So how has the last week gone? As I’m getting bigger, the more I’m feeling this pregnancy.  Heartburn is my almost constant companion, Gaviscon is my closest bosom pal.  I’ve got a mild touch of SPD which makes walking and turning over in bed painful.  I seem to be affected by the humidity more than I am by the heat.  Last night according to the Weather Pro app the humidity levels were up in the 90s yet it wasn’t that hot, only 15C, Simon was happily comfortable but I felt like I was in a Turkish Bathing House.  Today it’s pleasantly warm, 21C feeling like 23C but as the humidity level is a more civilised 55% I’m far more comfortable.  The swelling of feet and ankles is getting more pronounced, but that’s just part of pregnancy for me.  My boobs haven’t really changed this time, well as far as I can tell, they didn’t suddenly get bigger when I got pregnant and they quickly conceded the fight to be the first thing in the room to my belly.  I have a feeling that they’ll turn into comedy balloons after the baby is born, might be worth holding off getting nursing bras until the last minute I think.

The hormones seemed to have found the tear ducts.  Until a few days ago, I was quietly pleased that I could read sad news items and watch cynically manipulative TV ads without howling my eyes out, not any longer, the other day the flood gates opened.  Since then I’ve stayed away from items about kittens, babies or brave doggies trekking across Africa to find their masters.

I find it very hard not to worry about the pregnancy.  From Thursday to Saturday evening the baby was very quiet, even though I could count 10 kicks within one hour, I worried.  They were feeble kicks, why was that Braxton Hicks really painful, what if it wasn’t a BH but a real contraction.  Even when everything seems to be going well there is a low grade constant worry, grumbling away.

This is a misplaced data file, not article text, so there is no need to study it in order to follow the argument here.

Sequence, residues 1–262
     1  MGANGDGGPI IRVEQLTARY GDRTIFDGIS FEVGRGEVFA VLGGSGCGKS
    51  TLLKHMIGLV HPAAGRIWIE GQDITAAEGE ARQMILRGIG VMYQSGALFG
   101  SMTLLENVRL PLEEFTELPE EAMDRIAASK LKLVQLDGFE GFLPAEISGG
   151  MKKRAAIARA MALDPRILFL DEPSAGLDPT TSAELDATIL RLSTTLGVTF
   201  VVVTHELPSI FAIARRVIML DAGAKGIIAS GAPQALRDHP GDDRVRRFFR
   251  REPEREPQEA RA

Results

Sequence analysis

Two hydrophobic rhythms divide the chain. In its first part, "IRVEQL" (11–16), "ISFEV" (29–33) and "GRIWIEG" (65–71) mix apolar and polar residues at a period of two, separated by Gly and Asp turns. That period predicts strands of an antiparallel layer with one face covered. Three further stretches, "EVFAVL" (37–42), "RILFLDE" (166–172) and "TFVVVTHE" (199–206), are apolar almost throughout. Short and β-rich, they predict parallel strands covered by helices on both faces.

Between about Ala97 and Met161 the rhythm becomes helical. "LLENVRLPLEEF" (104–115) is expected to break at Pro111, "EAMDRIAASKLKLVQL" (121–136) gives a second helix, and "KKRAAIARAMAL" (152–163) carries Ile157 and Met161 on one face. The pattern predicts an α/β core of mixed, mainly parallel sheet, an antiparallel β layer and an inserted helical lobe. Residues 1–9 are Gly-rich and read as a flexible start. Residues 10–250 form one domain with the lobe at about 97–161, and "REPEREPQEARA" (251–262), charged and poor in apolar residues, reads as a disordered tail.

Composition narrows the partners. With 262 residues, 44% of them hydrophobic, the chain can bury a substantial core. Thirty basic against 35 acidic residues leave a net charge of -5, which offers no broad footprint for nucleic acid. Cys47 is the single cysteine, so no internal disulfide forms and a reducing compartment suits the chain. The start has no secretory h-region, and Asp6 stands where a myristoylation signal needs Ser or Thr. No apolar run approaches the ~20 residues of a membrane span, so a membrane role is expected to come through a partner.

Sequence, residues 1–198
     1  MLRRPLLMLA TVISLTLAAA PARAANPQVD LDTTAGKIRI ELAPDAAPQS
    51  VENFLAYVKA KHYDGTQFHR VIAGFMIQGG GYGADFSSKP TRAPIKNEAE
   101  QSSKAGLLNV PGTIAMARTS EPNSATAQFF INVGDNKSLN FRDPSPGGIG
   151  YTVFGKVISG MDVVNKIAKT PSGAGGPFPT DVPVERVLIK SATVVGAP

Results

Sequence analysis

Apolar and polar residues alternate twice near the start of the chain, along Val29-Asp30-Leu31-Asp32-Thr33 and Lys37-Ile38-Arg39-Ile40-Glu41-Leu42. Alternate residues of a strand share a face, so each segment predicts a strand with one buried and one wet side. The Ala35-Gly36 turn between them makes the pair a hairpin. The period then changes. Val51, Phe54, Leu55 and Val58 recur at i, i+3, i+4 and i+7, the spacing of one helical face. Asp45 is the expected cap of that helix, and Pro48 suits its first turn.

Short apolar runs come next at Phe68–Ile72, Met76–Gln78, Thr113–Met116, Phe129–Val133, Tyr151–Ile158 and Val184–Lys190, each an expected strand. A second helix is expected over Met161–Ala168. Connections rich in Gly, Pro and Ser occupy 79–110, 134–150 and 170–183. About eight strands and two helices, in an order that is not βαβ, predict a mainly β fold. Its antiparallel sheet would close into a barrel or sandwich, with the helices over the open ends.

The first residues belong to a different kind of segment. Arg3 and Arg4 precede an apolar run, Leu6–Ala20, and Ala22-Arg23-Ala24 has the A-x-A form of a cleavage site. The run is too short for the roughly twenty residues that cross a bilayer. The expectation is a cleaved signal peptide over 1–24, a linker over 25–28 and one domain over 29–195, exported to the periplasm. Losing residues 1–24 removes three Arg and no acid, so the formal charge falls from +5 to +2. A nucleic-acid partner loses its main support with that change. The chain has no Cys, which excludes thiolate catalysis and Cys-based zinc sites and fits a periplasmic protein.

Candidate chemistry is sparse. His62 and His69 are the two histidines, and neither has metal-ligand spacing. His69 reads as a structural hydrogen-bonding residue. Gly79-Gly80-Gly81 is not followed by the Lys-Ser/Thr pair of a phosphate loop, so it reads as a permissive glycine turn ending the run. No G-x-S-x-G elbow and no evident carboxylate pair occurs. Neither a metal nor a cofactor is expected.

I haven’t enjoyed this pregnancy, I’m not excited by it either, the worry has been too great.  I’m torn between wanting the baby here now, even as a preemie.  Because at least that way she’ll be in the caring hands of the NICU with dependable machines to help take care of her rather than relying on a placenta that may start failing at any moment.  The more rational part of me thinks no, right now she’s best off where she is, the placenta isn’t failing at the moment, she’s growing well, the longer she stays in the womb the better her long term chances are.  The faff of trying to be with a preemie in NICU, caring for toddler at home, recovering from a C-section, while in the throws of moving house in late August would be horrific.  Far better to be still pregnant and able to do more stuff, even if it’s limited to packing the occasional box and entertaining Tom with books.

The end of this nightmare feels in sight.  We’ve got a roughly 5 more weeks of this at the most.  If all is well at the 33 week scan, we will ask about setting a date for the c-section around the start of week 37, roughly 19th August.

*AFI – Amniotic Fluid Index – the amount of amniotic fluid around a foetus.  Not a precise measurement but calculated by measuring the depth of 4 pools of fluid around the baby.  The pools have to be clear of arms, toes, umbilical cord.  The result is given as a depth in cm rather than as a volume (cm cubed), calculating the volume could well be an assumption too far.  The absolute limits are between 5cm and 25cm but  there are relative limits which relate to the gestational age.

30 Weeks

Another good scan, the baby is doing well, she’s growing apace, the dopplers are good and so is the amount of amniotic fluid. If we carry on like this we are good for 36 weeks, possibly to 37 weeks. I’m in a lot better state too, I’m tired and achy but no longer shattered.

However there are two main things that could stop us getting to 36/37 weeks.

I’ve had a procedure that involves puncturing the amniotic sac I’m at a higher risk of my waters breaking early than for a normal singleton pregnancy.